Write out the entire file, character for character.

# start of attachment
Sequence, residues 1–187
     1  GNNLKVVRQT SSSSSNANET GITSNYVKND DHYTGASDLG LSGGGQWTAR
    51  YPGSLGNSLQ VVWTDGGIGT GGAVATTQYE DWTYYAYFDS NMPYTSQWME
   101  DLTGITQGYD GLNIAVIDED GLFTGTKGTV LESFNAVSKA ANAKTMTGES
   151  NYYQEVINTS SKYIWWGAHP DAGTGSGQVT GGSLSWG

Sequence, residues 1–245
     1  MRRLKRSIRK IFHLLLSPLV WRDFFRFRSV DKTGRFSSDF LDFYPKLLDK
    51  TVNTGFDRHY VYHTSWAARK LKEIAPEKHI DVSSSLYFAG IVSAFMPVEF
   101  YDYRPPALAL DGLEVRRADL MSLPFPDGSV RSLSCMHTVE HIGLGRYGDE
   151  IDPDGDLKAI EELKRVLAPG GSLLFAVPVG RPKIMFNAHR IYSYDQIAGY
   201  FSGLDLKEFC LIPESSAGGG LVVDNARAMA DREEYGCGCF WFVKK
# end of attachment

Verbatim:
Sequence, residues 1–187
     1  GNNLKVVRQT SSSSSNANET GITSNYVKND DHYTGASDLG LSGGGQWTAR
    51  YPGSLGNSLQ VVWTDGGIGT GGAVATTQYE DWTYYAYFDS NMPYTSQWME
   101  DLTGITQGYD GLNIAVIDED GLFTGTKGTV LESFNAVSKA ANAKTMTGES
   151  NYYQEVINTS SKYIWWGAHP DAGTGSGQVT GGSLSWG

Sequence, residues 1–245
     1  MRRLKRSIRK IFHLLLSPLV WRDFFRFRSV DKTGRFSSDF LDFYPKLLDK
    51  TVNTGFDRHY VYHTSWAARK LKEIAPEKHI DVSSSLYFAG IVSAFMPVEF
   101  YDYRPPALAL DGLEVRRADL MSLPFPDGSV RSLSCMHTVE HIGLGRYGDE
   151  IDPDGDLKAI EELKRVLAPG GSLLFAVPVG RPKIMFNAHR IYSYDQIAGY
   201  FSGLDLKEFC LIPESSAGGG LVVDNARAMA DREEYGCGCF WFVKK